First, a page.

Using a food processor (or your potato masher, as I did), combine the garlic and crushed tomatoes. Pour into a medium bowl and add the uncooked pasta, 1/3 cup olive oil, half the cheese, salt, and pepper. Toss until all the ingredients are coated.
Line the bottom and sides of the baking dish with tomato slices. Pour the pasta mixture into the pan and spread evenly. Arrange the remaining tomato slices in an overlapping layer on top of the pasta mixture, making sure the mixture is completely covered. Drizzle with olive oil and top with the rest of the cheese. Bake until the tomatoes are slightly crispy and the pasta is cooked, about 1 hour. Remove from the oven and cool for 5 minutes before serving.

Sunday, October 10, 2010

Fresh Tomatoes.

Growing up, I loathed tomatoes. You couldn't get me near one. Every raw tomato--sour, grassy and filled with with goop and seeds. I remember picking them off of sandwiches, eating around them if they'd show up in salad.

My dad, of course, grew them in our backyard. Back then I wondered why you'd waste half a garden on them, but now I'm glad that whenever I visit, I get to bring a few dozen home. Obviously, I've collected a few tomato recipes that might help you use up the last of the tomato crop.

At the beginning of the summer though, making these BLT's was all about the cheese--not the tomatoes. I read "smoked blue cheese" and nearly lept out of my chair running towards DiBruno Brothers.

"BLT" here does not mean "Bacon-Lettuce-Tomato". The bacon in this recipe has been replaced by Rogue River Smokey Blue Cheese, making it a "Blue-Lettuce-Tomato". I know that many of you may think that there is just no replacement for bacon, but the smokey qualities of this cheese makes it hearty enough to stand in, and perhaps even supersede bacon. The blue cheese, which can be a difficult sell due to its intense creaminess and pungency, is well balanced by the freshness of the tomato and the lettuce.

And have I mentioned the mayonnaise? It's rosemary--and good on slathered on everything. We used the leftovers in pasta salad, but I imagine it would be great in chicken salad, too.

This week I'm attempting to post all the tomato recipes I have on hand--and feature two summer desserts that, if you're lucky at the produce stand, you could make this weekend.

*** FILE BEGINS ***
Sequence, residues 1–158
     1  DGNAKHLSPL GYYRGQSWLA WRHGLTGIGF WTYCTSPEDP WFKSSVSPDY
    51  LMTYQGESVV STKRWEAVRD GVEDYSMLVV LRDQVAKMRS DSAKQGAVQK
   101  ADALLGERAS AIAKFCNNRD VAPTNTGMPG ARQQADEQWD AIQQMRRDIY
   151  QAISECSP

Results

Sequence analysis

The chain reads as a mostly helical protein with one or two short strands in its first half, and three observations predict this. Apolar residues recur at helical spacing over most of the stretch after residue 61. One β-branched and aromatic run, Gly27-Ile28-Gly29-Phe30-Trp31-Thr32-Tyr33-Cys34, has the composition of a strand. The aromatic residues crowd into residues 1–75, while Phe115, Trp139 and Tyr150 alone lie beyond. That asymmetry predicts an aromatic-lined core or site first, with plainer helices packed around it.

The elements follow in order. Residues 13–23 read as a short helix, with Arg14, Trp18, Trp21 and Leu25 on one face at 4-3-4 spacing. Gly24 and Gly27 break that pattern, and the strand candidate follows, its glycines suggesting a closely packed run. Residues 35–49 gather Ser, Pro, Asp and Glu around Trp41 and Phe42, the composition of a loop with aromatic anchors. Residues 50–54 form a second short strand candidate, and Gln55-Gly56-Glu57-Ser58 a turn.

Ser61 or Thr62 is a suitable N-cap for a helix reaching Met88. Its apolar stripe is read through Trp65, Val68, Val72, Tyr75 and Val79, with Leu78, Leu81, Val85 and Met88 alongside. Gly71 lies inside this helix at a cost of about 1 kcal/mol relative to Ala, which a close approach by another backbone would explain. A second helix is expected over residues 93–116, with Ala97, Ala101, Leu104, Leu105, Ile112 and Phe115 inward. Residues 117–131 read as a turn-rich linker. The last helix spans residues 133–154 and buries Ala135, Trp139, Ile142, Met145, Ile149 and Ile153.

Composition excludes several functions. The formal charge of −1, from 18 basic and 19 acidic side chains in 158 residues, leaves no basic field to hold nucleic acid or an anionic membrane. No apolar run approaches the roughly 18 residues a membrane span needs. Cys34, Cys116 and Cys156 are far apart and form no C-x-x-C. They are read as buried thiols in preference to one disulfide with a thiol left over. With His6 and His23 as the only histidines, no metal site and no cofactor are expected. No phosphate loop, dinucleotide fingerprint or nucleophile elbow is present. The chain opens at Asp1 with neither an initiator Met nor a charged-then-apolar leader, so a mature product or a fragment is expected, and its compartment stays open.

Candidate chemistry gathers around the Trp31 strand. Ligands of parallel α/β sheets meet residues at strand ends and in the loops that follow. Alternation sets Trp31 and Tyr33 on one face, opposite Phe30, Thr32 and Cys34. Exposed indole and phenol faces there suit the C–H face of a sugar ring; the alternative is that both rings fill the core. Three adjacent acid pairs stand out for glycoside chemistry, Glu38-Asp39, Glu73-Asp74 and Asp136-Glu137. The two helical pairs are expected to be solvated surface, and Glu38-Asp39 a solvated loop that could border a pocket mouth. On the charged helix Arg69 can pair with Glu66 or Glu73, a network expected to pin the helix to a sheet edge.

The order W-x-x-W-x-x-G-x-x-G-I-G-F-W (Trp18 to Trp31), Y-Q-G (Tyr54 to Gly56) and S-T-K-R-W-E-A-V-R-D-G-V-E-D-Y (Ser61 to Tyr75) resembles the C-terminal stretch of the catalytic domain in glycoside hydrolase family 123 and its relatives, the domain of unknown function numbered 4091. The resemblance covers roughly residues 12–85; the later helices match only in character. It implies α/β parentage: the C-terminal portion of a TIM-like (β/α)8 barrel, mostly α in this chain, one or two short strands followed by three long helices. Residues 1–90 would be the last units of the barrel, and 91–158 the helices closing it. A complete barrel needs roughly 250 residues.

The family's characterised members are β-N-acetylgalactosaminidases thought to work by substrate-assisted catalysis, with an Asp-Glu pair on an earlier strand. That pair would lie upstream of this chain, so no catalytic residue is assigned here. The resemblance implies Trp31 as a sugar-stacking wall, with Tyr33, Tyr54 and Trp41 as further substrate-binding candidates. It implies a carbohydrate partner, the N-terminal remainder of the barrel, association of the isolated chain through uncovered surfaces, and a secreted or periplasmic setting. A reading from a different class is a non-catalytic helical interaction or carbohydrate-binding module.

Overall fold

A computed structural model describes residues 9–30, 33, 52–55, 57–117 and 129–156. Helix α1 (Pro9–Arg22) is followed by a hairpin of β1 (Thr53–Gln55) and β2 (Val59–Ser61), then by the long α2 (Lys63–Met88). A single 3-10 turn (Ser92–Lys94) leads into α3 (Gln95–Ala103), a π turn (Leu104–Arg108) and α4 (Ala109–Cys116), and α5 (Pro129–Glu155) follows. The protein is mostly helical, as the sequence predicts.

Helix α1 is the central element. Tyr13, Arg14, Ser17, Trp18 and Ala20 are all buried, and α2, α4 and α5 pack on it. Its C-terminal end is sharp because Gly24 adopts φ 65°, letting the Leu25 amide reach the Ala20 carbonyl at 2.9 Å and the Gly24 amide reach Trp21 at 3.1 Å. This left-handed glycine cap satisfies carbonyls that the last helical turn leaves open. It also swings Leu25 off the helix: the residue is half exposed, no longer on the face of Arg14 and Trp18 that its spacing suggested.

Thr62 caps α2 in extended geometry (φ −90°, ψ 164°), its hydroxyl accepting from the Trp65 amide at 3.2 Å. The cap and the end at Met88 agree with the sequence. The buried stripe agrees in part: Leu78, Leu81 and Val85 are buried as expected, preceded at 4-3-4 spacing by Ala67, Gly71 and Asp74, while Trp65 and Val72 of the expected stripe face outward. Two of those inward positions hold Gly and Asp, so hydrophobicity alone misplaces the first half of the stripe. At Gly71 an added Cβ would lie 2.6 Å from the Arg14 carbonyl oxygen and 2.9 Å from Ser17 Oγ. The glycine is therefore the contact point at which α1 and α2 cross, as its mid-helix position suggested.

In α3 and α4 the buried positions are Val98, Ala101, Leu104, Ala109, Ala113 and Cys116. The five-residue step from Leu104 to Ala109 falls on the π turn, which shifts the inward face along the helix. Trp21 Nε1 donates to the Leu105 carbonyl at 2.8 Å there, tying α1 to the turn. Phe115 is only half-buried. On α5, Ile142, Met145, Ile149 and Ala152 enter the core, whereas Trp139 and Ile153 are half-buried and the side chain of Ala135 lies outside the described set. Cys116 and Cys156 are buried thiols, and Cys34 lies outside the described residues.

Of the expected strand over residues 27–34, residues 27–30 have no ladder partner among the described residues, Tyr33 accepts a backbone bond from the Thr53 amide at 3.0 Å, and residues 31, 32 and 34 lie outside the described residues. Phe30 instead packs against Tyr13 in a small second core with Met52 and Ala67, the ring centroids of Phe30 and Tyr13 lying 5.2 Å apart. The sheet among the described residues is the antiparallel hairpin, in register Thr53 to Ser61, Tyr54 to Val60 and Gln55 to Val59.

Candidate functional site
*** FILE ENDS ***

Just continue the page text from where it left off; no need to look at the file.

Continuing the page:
Smokey "BLT"
Makes 4 Sandwiches

4 tablespoons Rosemary Mayonnaise, (see below)
8 slices bread (we split good baguettes)
5 ounces Rogue River Smokey Blue cheese
1/4 head romaine lettuce
2 large beefsteak tomatoes, cut into 8 slices

1. Spread a tablespoon of the Rosemary Mayonnaise on 4 slices of bread. Slice the cheese into 1/3" chunks and stack with the lettuce and tomatoes. Top with another piece of bread and enjoy.

Rosemary Mayonnaise
Makes 1 cup

3 tablespoons olive oil
1 teaspoon finely chopped rosemary
1/2 teaspoon grated garlic
3/4 cups mayonnaise (we like the Olive Oil kind)
1/2 teaspoon salt
1/4 teaspoon pepper
1 teaspoon lemon juice

1. Combine the oil, rosemary, and garlic in a small pan over low heat, stirring occasionally and cook until garlic begins to sizzle--about 5 minutes. Remove from heat to cool completely.

2. Stir the mayonnaise, salt, and pepper together in a bowl. Whisk the lemon juice and the olive oil mixture into the mayonnaise until smooth. Stores refrigerated up to 5 days.

Thursday, September 9, 2010

Things I have cooked this summer.

A custard apple in Bangalore

Back in elementary school, I remember being asked what I had done over summer vacation. I can't remember what I said--Cape May, probably. I probably would have talked about theater camp. Maybe I would have mentioned that I did the summer reading program at the public library.

Clearly, I was really cool.

This summer, however, I was all over: Boston, Lancaster, Philadelphia, New York, India. When I was in elementary school, I would never have imagined traveling like I do. It never would have occurred to me that I could. I hadn't even been on a plane.

Now I have frequent-flyer miles to use.

But I don't intend do travel like that again. I neglected my blog, and when I did get time in the kitchen, it was for outrageous parties.

Of course, no photos were taken during any of these parties--I was too busy replenishing the buffet, or having one too many mimosas. But the menus are vividly remembered by all those in attendance.

My favorite our events this summer was a Sunday brunch. We did three tarts and three muffins along with mimosas. The crab and tarragon tarts, as well as the haricot vert, tomato and goat cheese tarts, came from this Gourmet article. The third tart was sweet--lemon curd and strawberries in a pate brisse crust. I made that one up as I went, and trust that y'all could probably figure it out yourselves. If you're curious as to where all these mini tart tins came from, I found an incredible restaurant supply store that specializes in disposable items like paper cocktail napkins, boxes for cookies, paper cups...Philadelphians, I'm talking about the unnamed place at 5th and Bainbridge.